‘Danger of squandering’ PGI opportunity ‘unless we get our act together’

The Irish beef sector “has an opportunity to take a positive step forward” by submitting a Protected Geographical Indication (PGI) application for Irish grass fed beef, under which 70% of Irish beef – including dairy beef – would qualify, according to the Irish Creamery Milk Suppliers’ Association (ICMSA).

However, president of ICMSA Pat McCormack warned that there’s a real danger of squandering the opportunity unless we “get our act together – and fast”.

McCormack confirmed that the ICMSA met with the Department of Agriculture, Food and the Marine and Bord Bia in relation to the proposal.

Commenting, he said that, while there are aspects of the document that he thought should be amended, including the eligible grades for cows, overall the document is a reasonable basis to get a PGI status for Irish beef without any additional conditions being imposed on farmers.

“That last point is critical”, he said, is critical, “both Bord Bia and the department have assured the ICMSA that there will be no new conditions placed on farmers over and above the existing conditions in the Bord Bia Beef & Lamb Quality Assurance Scheme.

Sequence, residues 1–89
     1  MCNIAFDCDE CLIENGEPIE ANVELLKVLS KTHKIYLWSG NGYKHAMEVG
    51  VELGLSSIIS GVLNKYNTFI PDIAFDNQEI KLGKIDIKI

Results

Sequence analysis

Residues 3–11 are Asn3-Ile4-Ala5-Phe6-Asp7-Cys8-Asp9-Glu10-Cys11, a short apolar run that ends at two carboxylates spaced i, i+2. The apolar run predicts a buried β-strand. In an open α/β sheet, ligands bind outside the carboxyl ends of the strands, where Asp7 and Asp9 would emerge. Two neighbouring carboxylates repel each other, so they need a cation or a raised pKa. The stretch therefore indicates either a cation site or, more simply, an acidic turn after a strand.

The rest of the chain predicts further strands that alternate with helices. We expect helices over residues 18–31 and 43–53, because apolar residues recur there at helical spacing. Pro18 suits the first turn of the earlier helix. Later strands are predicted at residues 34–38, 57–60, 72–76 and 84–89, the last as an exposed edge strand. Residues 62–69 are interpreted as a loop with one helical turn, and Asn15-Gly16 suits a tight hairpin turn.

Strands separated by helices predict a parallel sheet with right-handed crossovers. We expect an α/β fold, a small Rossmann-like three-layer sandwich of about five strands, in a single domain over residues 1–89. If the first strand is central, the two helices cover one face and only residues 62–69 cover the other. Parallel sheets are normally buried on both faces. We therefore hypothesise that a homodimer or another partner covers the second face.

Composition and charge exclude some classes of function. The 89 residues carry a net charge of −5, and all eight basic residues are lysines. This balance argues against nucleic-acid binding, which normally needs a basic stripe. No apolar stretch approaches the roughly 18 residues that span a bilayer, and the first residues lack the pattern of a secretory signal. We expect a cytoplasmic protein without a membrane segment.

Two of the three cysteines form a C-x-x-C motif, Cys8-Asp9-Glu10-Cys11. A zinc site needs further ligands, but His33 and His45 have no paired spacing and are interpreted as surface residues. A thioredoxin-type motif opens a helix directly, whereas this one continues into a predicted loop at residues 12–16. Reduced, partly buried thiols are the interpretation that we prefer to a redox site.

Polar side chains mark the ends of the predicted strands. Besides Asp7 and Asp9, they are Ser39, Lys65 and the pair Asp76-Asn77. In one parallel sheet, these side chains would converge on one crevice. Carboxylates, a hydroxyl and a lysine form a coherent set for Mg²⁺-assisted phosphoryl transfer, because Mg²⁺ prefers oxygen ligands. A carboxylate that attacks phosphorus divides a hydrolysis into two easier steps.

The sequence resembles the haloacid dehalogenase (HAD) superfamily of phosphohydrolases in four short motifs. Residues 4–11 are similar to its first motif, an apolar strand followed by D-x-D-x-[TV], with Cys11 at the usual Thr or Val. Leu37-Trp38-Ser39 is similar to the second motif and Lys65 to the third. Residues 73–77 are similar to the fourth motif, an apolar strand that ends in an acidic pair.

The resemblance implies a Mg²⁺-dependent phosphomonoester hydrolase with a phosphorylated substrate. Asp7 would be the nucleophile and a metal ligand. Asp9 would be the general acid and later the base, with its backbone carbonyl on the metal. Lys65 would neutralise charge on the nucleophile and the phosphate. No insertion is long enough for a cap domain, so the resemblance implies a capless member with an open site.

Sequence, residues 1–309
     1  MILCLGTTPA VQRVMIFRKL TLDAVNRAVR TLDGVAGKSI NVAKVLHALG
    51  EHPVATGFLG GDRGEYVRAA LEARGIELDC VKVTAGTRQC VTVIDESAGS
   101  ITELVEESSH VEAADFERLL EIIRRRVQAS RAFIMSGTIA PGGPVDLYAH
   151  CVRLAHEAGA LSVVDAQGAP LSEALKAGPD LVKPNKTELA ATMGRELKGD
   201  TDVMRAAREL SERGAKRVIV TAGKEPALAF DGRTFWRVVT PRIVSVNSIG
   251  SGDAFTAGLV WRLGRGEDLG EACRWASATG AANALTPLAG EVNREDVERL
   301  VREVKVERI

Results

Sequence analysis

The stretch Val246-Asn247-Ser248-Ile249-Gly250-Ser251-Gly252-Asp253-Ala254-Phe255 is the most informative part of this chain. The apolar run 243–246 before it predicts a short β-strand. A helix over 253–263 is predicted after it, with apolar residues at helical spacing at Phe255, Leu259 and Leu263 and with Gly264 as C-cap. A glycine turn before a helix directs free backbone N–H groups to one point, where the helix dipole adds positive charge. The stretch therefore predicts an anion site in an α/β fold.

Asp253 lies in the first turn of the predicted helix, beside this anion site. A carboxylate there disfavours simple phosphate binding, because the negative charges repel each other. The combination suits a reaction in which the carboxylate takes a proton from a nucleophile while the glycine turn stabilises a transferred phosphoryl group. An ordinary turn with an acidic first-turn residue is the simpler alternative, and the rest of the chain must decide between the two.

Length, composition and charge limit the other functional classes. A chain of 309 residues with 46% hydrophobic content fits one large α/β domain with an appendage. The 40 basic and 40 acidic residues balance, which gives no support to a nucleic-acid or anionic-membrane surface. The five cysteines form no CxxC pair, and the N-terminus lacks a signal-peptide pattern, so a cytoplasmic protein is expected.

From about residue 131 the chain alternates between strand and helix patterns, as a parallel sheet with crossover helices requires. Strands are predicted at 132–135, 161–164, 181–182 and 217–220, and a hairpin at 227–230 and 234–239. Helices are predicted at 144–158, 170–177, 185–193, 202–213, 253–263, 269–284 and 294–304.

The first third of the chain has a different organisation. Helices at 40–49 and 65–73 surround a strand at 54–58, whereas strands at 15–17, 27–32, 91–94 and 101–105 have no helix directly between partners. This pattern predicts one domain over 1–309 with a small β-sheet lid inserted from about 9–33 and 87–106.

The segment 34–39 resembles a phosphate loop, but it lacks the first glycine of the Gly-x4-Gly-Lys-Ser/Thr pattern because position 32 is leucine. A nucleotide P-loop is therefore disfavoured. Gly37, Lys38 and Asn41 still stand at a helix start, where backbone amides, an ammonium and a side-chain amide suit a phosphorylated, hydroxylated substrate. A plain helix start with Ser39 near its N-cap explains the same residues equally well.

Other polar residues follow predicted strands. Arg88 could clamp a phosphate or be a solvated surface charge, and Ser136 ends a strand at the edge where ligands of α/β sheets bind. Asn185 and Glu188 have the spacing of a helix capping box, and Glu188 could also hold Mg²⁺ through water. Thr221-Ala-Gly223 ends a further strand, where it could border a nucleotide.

“That is significant but it’s also obvious that farmers still have concerns in relation to this and we believe that Bord Bia should underline its commitment by providing written assurances that, firstly, no new rules will be introduced and, secondly, that farmers will be free to sell their cattle to whichever meat plant they wish and to transport them to the plant themselves if they so wish.

“These are very simple and straightforward clarifications and the ICMSA is calling on Bord Bia to confirm them in similarly simple and straightforward manner,” the ICMSA president said.

“As farmers, we have been saying for decades that we need to brand our product and differentiate it from others to show that we have the best beef in the world.

We now have the opportunity to take the first step towards that by achieving a specific EU recognition for the majority of our beef. As a sector – and provided we receive those written assurances from Bord Bia regarding no new rules on farmers – we would be very foolish not to take this opportunity.

“Beef producers, whether suckler or dairy beef, are highly vulnerable to a no-deal Brexit and PGI provides an opportunity to brand ourselves and hopefully add value.

“We should immediately grasp it and it should be fully supported by all stakeholders”, he continued.

McCormack said that we are in very real danger at this stage of turning a potential positive for Irish beef into a certain negative and creating divisions that will damage only one part of the beef supply chain: the farmer.

He said that no-one pretended that PGI would solve our profitability problems in beef production, but it most certainly represented a move in the right direction.

“We think the opportunity should be seized without further delay,” the president concluded.